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497 posts

Ultimate Geek
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  Reply # 2057588 17-Jul-2018 09:36
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MikeAqua:

 

You also introduce operational headaches around charging.  With an ICEV you have booked was left low on fuel by the last user, it's a minor inconvenience to fill it up.  With an EV it's a major delay.

 

 

People don't top up with petrol when they've used a car and are likely to run it down and leave it to be the next persons problem. With an EV all vehicles could be full charged every morning giving a whole days usage, most likely with no-one ever having to be concerned about running empty. Each time the cars go back to base they could also be plugged in for a top up. 


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Ultimate Geek
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  Reply # 2057601 17-Jul-2018 10:18
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Teeps:

MikeAqua:


You also introduce operational headaches around charging.  With an ICEV you have booked was left low on fuel by the last user, it's a minor inconvenience to fill it up.  With an EV it's a major delay.



People don't top up with petrol when they've used a car and are likely to run it down and leave it to be the next persons problem. With an EV all vehicles could be full charged every morning giving a whole days usage, most likely with no-one ever having to be concerned about running empty. Each time the cars go back to base they could also be plugged in for a top up. 



Each time a vehicle comes back from use it could be topped up with fuel too, just as you have aluded too for the EV - and yet you're saying that they don't? What mkes you think the vehicle being an EV will make any difference?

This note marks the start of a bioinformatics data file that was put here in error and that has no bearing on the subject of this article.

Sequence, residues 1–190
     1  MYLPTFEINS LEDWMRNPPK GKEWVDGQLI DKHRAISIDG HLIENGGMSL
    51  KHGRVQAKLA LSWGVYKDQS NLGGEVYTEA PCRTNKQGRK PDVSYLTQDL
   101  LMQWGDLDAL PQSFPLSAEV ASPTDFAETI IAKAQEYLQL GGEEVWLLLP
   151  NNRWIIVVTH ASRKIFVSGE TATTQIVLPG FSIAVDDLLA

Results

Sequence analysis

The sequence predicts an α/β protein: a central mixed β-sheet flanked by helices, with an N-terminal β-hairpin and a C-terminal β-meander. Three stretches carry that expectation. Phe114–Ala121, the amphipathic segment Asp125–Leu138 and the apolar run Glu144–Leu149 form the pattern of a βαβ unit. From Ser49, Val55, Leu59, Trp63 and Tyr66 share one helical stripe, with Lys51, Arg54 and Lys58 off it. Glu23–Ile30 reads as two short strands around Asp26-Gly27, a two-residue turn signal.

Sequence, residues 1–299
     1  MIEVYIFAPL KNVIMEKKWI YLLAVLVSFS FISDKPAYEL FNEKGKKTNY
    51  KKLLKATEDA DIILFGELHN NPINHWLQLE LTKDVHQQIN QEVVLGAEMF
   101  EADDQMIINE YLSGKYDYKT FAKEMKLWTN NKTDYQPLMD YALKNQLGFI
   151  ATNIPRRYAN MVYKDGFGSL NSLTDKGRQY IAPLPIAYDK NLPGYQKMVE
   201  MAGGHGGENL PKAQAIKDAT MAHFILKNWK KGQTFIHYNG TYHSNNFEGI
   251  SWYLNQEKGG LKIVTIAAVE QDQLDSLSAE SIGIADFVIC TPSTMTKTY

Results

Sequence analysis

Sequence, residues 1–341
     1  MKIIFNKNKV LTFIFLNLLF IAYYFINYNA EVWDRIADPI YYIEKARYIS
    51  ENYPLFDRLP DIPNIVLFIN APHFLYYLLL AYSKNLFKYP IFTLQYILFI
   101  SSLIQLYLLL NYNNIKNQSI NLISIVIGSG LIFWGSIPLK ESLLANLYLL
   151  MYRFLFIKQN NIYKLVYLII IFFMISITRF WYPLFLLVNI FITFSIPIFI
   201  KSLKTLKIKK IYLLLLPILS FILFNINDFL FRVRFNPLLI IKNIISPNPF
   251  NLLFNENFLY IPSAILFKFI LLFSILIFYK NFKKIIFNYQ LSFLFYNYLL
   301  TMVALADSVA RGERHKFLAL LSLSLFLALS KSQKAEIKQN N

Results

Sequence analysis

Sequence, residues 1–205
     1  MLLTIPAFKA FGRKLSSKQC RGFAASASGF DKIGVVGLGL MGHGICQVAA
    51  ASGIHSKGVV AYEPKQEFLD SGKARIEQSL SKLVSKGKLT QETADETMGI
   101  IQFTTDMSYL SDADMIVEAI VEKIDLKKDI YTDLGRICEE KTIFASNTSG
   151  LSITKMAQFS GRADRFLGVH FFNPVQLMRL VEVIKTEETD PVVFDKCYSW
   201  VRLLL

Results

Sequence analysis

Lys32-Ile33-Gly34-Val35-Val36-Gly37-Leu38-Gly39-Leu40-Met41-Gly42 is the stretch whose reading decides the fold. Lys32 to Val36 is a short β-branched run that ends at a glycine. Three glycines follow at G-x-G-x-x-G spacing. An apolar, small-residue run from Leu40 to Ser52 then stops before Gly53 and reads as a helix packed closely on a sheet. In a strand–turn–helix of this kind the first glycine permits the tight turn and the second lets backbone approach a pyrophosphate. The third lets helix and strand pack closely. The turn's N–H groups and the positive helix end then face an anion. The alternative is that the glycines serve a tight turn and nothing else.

For context, where I work has a policy of every vehicle being refuelled after every trip, regardless of distance etc. We even have fuel on every site. And yet, people still don't. (We also have a policy of filling out a book to document trips etc - and it's the same people who don't fill the vehicles up that don't fill the books out either...)

It will take a mindset change, and to be fair, some people are just selfish a's that you aren't going to change regardless, but it is worth doing.

I think there is plenty of scope to for Government to change a significant amount of it's vehicles over to EV, and if the PR was done right - in the same way Air New Zealand, WestPac and Meridian are doing it - there would be little public backlash and much more acceptance that government was doing it's bit to help with reducing emissions.


 
 
 
 


497 posts

Ultimate Geek
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  Reply # 2057613 17-Jul-2018 10:29
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Ge0rge:

Each time a vehicle comes back from use it could be topped up with fuel too, just as you have aluded too for the EV - and yet you're saying that they don't? What mkes you think the vehicle being an EV will make any difference?

For context, where I work has a policy of every vehicle being refuelled after every trip, regardless of distance etc. We even have fuel on every site. And yet, people still don't. (We also have a policy of filling out a book to document trips etc - and it's the same people who don't fill the vehicles up that don't fill the books out either...)

It will take a mindset change, and to be fair, some people are just selfish a's that you aren't going to change regardless, but it is worth doing.

I think there is plenty of scope to for Government to change a significant amount of it's vehicles over to EV, and if the PR was done right - in the same way Air New Zealand, WestPac and Meridian are doing it - there would be little public backlash and much more acceptance that government was doing it's bit to help with reducing emissions.

 

 

 

You're correct, and ICE vehicle could be topped up each and every time it's used, but that would mean a petrol station on site as you have with your company, at MUCH greater cost than installing an EV charging point in each and every pool car parking space. It would also take a lot longer to go to the pump and top up with a few litres of fuel and then find a parking space than it does to plug the car in after you have already parked, thus saving time and wage costs.